Short distance dispersal is probably mainly by sea currents and freshwater streams but dispersal over longer distances by birds is highly probable. The site types of C. glareosa are frequently visited by migrating birds.
The two Svalbard species most closely related to C. glareosa, in the section Glareosae, are C. lachenalii and C. marina. Carex glareosa differs from both of these in the very narrow leaves (less than 0.6 mm broad) and slender culms (less than 0.8 mm broad), the culms are slender, curving or prostrate, and the abundant, greyish papillae on both leaves and stems giving them a bluish green appearance. In both C. lachenalii and C. marina the leaves and culms are more than 0.8 mm broad, stiff, erect or ascending, and green or yellowish green. The very short beak of the perigynium also distinguishes C. glareosa from both C. lachenalii (beak distinct, 0.2–0.4 mm) and C. marina (no beak whatsoever).
On seashores, mostly on sandy or gravelly plains, rarely on more fine-grained soils, occasionally also occurring some distance from the sea and above the tidal and wave zone (especially in Adventdalen near Longyearbyen). On well-drained, periodically dry soils. The majority of stands are inundated by sea water now and then but not regularly (i.e., upper geolittoral). Due to inundations and frequent sedimentation, the substrates are never acidic, but often salty.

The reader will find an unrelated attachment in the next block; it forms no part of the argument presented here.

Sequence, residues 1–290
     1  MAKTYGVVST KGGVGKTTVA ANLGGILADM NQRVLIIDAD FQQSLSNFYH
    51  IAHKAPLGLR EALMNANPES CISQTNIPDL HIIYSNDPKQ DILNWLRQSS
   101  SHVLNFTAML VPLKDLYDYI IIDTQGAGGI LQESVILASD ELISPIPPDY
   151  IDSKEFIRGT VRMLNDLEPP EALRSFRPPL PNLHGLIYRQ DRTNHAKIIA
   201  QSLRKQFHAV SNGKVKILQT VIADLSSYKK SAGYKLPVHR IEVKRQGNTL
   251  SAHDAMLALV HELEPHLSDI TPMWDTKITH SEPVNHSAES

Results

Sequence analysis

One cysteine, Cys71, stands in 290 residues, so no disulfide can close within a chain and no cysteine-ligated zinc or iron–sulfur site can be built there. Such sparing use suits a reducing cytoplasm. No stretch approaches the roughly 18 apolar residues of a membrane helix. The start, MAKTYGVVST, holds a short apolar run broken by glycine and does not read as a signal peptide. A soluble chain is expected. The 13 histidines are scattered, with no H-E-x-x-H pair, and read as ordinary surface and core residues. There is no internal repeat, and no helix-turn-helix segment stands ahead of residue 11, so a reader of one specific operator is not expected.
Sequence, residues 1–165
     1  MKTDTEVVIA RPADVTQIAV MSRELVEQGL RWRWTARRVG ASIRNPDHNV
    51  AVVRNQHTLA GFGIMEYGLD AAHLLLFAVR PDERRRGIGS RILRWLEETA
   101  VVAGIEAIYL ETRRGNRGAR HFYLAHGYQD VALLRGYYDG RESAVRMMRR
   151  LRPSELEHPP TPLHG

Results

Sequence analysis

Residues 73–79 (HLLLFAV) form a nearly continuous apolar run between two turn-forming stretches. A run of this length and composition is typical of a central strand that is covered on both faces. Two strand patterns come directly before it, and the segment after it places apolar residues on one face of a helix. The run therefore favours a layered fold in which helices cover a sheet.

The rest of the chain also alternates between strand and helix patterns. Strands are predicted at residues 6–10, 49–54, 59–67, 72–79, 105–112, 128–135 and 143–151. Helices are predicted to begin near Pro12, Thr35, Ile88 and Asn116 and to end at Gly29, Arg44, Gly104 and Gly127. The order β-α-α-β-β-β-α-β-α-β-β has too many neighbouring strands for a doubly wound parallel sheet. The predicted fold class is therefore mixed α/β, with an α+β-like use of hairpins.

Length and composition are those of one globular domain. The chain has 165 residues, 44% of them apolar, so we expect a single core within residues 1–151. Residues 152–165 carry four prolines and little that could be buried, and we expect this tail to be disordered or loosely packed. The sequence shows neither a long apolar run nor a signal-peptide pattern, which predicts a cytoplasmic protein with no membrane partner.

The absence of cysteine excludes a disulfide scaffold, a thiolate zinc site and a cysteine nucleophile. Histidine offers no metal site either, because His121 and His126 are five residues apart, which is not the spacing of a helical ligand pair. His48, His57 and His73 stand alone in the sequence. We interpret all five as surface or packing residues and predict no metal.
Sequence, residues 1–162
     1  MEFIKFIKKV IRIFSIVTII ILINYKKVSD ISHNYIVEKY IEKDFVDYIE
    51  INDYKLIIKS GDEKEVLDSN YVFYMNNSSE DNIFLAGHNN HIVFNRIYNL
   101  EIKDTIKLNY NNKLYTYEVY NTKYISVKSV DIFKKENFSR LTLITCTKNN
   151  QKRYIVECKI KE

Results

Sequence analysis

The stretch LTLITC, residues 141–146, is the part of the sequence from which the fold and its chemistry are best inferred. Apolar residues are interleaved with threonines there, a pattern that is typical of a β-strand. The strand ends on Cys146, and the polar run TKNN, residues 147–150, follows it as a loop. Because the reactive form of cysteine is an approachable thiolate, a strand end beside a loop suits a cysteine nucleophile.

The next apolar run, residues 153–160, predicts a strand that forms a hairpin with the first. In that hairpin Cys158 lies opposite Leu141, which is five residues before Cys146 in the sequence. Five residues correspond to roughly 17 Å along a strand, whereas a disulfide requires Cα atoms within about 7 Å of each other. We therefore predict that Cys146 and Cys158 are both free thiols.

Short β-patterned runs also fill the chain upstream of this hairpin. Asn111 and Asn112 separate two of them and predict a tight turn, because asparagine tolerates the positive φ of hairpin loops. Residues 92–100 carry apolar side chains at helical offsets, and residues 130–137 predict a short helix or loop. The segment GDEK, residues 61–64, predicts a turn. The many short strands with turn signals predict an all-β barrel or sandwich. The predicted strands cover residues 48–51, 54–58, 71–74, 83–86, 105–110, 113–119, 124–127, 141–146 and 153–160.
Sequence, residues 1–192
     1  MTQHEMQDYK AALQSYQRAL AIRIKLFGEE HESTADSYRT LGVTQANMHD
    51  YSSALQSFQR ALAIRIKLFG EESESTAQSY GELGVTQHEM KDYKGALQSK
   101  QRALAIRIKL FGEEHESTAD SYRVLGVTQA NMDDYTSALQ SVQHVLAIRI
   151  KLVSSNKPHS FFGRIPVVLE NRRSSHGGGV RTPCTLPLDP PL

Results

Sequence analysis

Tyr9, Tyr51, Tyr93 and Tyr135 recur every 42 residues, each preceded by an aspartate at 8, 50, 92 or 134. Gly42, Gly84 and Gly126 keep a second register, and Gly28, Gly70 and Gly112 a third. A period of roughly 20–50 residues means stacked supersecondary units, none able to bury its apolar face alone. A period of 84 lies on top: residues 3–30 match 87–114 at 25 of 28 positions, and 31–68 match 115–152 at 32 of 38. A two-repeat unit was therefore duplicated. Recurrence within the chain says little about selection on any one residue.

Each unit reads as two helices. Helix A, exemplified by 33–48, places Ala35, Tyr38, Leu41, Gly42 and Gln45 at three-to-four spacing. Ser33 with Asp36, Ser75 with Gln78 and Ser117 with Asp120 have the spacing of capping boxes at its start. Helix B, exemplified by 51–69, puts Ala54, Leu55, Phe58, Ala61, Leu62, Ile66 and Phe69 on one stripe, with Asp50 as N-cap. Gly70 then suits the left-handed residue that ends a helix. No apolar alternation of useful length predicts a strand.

Thermophilous. The entire range is within the middle arctic tundra zone and the weakly continental section. Restricted to Spitsbergen where it is found at the northern shore of Van Mijenfjorden (Nordenskiöld Land) as very rare, and at Isfjorden where it is rather frequent near Longyearbyen and in Adventdalen, otherwise very scattered in the Lands of Nordenskiöld, Sabine, James I, and Oscar II.
The global range is circumpolar in the arctic and northern boreal zones, in Europe south to Iceland and S Scandinavia (from where it now is rapidly disappearing, probably due to climatic change or change of land use close to the sea).
Two varieties have been proposed: var. glareosa and var. amphigena Fernald. The varieties have rather different perigynia (see Halliday & Chater 1969a; Toivonen 2002) but do not differ in other characters and may be intergrading. The former is circumpolar; the latter is amphi-Atlantic in NW Europe, reported from Iceland, Fennoscandia, and NW Russia, and from Greenland and NE Canada. They may merit rank as races but should be confirmed to differ in more than a single character before acceptance. They were not accepted as separate races by Egorova (1999). The Svalbard material has not yet been studied as to varietal affinity or variation.
Egorova, T.V. 1999. The sedges (Carex L.) of Russia and adjacent states. – St.-Petersburg State Chemical–Pharmaceutical Academy, St.-Petersburg, and Missouri Bot. Gard. Press, St. Louis.
Halliday, G. & Chater, A.O. 1969. Studies in the Carex glareosa complex. 1. Fruit-shape. – Feddes Repertorium 80: 77–92.
Toivonen, H. 2002. Carex Linnaeus sect. Glareosae G. Don. – In: Flora of North America Editorial Committee (eds.), Flora of North America north of Mexico. 23. Magnoliophyta: Commelinidae (in part): Cyperaceae: 311–321.